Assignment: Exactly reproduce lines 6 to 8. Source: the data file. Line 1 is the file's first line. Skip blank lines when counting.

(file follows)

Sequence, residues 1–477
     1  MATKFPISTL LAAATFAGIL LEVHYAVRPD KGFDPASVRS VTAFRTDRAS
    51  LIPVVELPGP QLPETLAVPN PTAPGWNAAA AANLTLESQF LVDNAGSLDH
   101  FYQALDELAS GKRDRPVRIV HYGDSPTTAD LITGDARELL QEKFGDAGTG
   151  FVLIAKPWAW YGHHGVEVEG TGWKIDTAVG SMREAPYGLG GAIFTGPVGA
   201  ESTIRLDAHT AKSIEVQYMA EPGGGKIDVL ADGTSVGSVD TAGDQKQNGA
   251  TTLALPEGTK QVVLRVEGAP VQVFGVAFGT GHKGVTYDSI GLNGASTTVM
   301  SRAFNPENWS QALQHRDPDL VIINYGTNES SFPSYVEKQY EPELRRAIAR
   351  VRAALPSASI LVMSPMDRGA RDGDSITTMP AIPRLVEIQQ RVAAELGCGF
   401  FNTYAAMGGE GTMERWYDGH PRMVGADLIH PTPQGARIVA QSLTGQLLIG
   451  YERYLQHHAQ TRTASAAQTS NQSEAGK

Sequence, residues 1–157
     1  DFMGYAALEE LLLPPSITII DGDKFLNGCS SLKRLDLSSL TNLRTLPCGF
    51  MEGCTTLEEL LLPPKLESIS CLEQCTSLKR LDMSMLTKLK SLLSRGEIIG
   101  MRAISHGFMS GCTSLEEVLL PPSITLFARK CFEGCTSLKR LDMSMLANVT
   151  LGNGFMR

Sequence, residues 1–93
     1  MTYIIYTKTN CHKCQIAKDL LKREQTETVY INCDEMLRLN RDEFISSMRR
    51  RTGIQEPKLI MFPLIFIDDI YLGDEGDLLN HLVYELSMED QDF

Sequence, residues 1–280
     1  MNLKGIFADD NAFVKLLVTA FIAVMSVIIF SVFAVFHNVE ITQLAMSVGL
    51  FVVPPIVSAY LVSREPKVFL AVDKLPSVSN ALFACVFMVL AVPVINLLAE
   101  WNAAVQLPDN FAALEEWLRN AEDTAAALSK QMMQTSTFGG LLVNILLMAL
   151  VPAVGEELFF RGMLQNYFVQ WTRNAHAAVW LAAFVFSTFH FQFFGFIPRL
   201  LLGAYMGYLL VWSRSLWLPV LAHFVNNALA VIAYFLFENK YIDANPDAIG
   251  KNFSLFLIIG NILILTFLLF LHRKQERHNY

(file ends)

   201  ESTIRLDAHT AKSIEVQYMA EPGGGKIDVL ADGTSVGSVD TAGDQKQNGA
   251  TTLALPEGTK QVVLRVEGAP VQVFGVAFGT GHKGVTYDSI GLNGASTTVM
   301  SRAFNPENWS QALQHRDPDL VIINYGTNES SFPSYVEKQY EPELRRAIAR